Bone and Shells as Blueprints for Stronger Concrete
By observing nature's blueprints researchers at MIT are seeking to redesign concrete.
In the journal Construction and Building Materials, a paper was published contrasting cement paste with the structure and properties of natural materials such as bones, shells, and deep-sea sponges. Researchers noticed that the biological compounds are durable and strong due to the fact that they are structured with multiple length scales visible level.
Oral Buyukozturk, a professor in MIT’s Department of Civil and Environmental Engineering (CEE), proposed a new bioinspired, “bottom-up” approach for designing cement paste.
“These materials are assembled in a fascinating fashion, with simple constituents arranging in complex geometric configurations that are beautiful to observe,” Buyukozturk says. “We want to see what kinds of micromechanisms exist within them that provide such superior properties, and how we can adopt a similar building-block-based approach for concrete.”
The requirement of a large amount of energy to manufacture Portland cement, the research team hopes to identify materials in nature that may be used as sustainable and longer-lasting alternative.
“If we can replace cement, partially or totally, with some other materials that may be readily and amply available in nature, we can meet our objectives for sustainability,” Buyukozturk says.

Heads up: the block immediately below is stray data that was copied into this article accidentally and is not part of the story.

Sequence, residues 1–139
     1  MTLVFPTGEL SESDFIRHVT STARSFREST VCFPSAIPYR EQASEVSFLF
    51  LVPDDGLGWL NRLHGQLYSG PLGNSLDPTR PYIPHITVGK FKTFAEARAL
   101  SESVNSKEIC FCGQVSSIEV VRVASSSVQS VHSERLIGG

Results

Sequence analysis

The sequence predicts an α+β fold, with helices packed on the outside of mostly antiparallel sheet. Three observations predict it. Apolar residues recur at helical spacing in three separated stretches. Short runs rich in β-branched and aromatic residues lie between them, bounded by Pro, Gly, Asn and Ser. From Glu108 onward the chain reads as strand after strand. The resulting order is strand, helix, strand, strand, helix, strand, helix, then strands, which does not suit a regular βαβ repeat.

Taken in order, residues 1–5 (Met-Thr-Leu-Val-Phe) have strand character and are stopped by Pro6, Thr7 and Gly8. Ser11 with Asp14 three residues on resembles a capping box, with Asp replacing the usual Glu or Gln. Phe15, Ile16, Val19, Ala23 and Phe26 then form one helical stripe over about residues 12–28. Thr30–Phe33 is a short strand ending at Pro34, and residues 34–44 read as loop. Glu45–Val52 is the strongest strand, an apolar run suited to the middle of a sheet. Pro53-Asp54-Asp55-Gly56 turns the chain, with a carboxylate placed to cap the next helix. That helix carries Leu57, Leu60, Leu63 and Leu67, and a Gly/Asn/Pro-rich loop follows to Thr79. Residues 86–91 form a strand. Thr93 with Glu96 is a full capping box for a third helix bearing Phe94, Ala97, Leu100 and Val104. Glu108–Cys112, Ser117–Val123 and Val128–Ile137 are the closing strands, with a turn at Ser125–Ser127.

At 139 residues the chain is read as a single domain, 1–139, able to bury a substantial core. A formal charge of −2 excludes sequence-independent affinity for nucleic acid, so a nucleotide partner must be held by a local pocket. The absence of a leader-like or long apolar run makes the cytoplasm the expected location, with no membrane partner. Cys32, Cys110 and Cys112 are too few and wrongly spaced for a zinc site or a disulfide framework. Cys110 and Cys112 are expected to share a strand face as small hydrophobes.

From molecules to bridges
The current concrete that is being used is a random collection of crushed rocks and stones, mixed together with cement paste. Concrete’s strength and durability depends on its internal structure and configuration of pores. For example, the more porous the material, the more vulnerable it is to cracking. However, there are no techniques available to precisely control concrete’s internal structure and overall properties.
“It’s mostly guesswork,” Buyukozturk says. “We want to change the culture and start controlling the material at the mesoscale.”
Building from the bottom, up
To start to understand this connection, he and his colleagues looked to biological materials such as bone, deep sea sponges, and nacre (an inner shell layer of mollusks), which have all been studied extensively for their mechanical and microscopic properties. They looked through the scientific literature for information on each biomaterial, and compared their structures and behavior, at the nano-, micro-, and macroscales, with that of cement paste.
“In this context, there is a wide range of multiscale characterization and computational modeling techniques that are well established for studying the complexities of biological and biomimetic materials, which can be easily translated into the cement community,” says Masic.
Applying the information they discovered from researching biological materials, as well as knowledge they gathered on existing cement paste design tools, the team developed a general, methodology, for engineers to design cement, “from the bottom up.”
Ultimately, the researchers hope the framework will help engineers identify ingredients that are structured and evolve in a way, similar to biomaterials, that may improve concrete’s performance and longevity.